Between snapping photos at every available opportunity I took care of the games running on my Mega STE. First up was Obsession, the slick STE pinball game, this proved popular as ever though I didn't get to set any new records. I once spent three hours straight, as long as a full CCC meeting, setting my highest score on that.

Next was No Second Prize, I got Mike to have a go at this first, since he's a biker and should appreciate the sensitive control of a motorcycle at speed. Off the bike he came, several times! Yep, I was right about the controls. Glad he doesn't ride like that in real life. I then borrowed a joystick from Ian Smith for a session of shooting in space, with Stardust. Mike had been playing Asteroids, upon which Stardust is based, from the Atari Anniversary Edition compilation earlier. Gorgeous new graphics but the same fantastic old game-play.

Hunger was setting in for some - I headed out to the chip shop with Ian Smith and Mike. Too bad it was closed, so we walked a bit further around the corner to the local Tesco supermarket (incidentally, Tesco's company headquarters is also in Cheshunt). Mike grabbed some salad and I got a chicken and sweetcorn sandwich and a couple of bottles of Coke, one of them the newfangled Vanilla Coke. Matthew Preston didn't appreciate this at first taste, but the trick is to drink it expecting cream soda, not standard Coca-Cola. Then the mind doesn't get confused! Of course, if you don't like cream soda then don't even bother trying this stuff.

The last game to be played on my Mega STE was Magic Boy, a very nice and colourful platformer. Again, this was enjoyed by all who played.

[Photo: Steve Sweet's son playing Magic Boy]

[Photo: Outside view of the club room]

[Photo: Sea-sickness camera handling!]

[Photo: Paul Gibbs, Thomas Wellicome and Matthew Preston]

Towards the end of the evening, I plugged my camera into the composite video input of my Philips monitor and ran a slideshow of all the JagFest UK pictures I took, which were still on the Memory Stick. This included many pictures not used in my final report last issue, so was a treat for everyone, not only those who didn't go to the event. For a moment a few people thought my Mega STE was a TT with graphics card, showing these photographic quality images! Topping it off and making it feel like JagFest all over again, while the slideshow was running, I had my Mega STE running ProTracker and playing the actual mod-file music from the Tempest 2000 game, specifically, Mind's Eye, the instantly recognizable tune that was constantly blasting out over that sunny weekend in Kent. Meanwhile, a game of classic mode Pong was running on Mike's notebook. Here he is playing against Steve Sweet's ten year old son, and losing!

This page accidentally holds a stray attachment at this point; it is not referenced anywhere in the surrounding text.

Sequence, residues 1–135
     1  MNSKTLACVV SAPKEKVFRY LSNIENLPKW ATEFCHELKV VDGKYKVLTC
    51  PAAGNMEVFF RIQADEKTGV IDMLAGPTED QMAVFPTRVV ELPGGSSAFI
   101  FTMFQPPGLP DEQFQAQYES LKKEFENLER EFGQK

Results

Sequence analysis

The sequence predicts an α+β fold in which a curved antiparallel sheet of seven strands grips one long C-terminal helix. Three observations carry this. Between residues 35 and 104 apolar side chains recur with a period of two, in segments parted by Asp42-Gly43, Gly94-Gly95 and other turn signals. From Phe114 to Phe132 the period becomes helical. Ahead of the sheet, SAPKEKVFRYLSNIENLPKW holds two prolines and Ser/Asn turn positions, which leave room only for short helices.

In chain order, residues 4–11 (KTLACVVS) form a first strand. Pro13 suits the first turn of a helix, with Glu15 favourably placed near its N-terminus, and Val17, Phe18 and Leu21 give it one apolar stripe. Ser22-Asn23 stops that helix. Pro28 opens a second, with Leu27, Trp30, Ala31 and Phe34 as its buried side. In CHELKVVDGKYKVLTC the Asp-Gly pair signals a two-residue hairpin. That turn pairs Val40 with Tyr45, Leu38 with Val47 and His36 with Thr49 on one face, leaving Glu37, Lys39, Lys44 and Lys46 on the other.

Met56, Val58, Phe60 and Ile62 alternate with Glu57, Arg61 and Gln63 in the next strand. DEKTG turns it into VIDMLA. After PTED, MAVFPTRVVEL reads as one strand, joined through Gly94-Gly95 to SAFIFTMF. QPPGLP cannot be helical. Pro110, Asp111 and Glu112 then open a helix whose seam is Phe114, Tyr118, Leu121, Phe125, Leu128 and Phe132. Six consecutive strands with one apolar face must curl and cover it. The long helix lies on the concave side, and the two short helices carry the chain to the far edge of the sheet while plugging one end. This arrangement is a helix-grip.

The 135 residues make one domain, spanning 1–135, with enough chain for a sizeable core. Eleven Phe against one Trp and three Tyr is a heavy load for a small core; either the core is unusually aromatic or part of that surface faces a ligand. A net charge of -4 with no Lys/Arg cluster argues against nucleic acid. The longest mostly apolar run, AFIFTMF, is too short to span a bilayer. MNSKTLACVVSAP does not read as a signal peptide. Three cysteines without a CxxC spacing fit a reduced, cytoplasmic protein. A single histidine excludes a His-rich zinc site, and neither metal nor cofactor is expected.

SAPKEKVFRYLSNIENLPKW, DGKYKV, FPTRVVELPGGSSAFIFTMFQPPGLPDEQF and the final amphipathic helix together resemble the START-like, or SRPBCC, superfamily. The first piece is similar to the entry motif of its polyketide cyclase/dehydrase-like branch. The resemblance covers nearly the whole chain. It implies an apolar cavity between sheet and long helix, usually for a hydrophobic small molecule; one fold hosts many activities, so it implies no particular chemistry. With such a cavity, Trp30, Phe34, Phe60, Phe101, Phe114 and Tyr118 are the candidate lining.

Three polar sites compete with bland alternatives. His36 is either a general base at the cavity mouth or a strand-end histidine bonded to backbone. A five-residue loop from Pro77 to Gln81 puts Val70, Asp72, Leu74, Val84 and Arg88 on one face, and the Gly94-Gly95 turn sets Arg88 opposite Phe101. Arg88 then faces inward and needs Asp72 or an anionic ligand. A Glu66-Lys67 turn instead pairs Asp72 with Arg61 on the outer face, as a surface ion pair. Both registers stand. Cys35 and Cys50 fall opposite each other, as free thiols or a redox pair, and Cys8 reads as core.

[Photo: Mike Maranzano playing Pong against Steve Sweet's son]

Mike and I were the first to leave, as he had other things to attend to. Thomas had just finished the TOS chip swap operation. My STE didn't have any screws or internal shielding, for easy access. He had lots of screws left over after re-assembling his machine, as is always the way! My stuff was packed away with military efficiency then we were pelting back down the A10, to hit more road works. Three lanes into one at 22:00, figure that one out. We still got back quicker than it took to get there. Another day closed, with renewed energy.

shiuming@myatari.net

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MyAtari magazine - Feature #4, August 2003

 
Copyright 2003 MyAtari magazine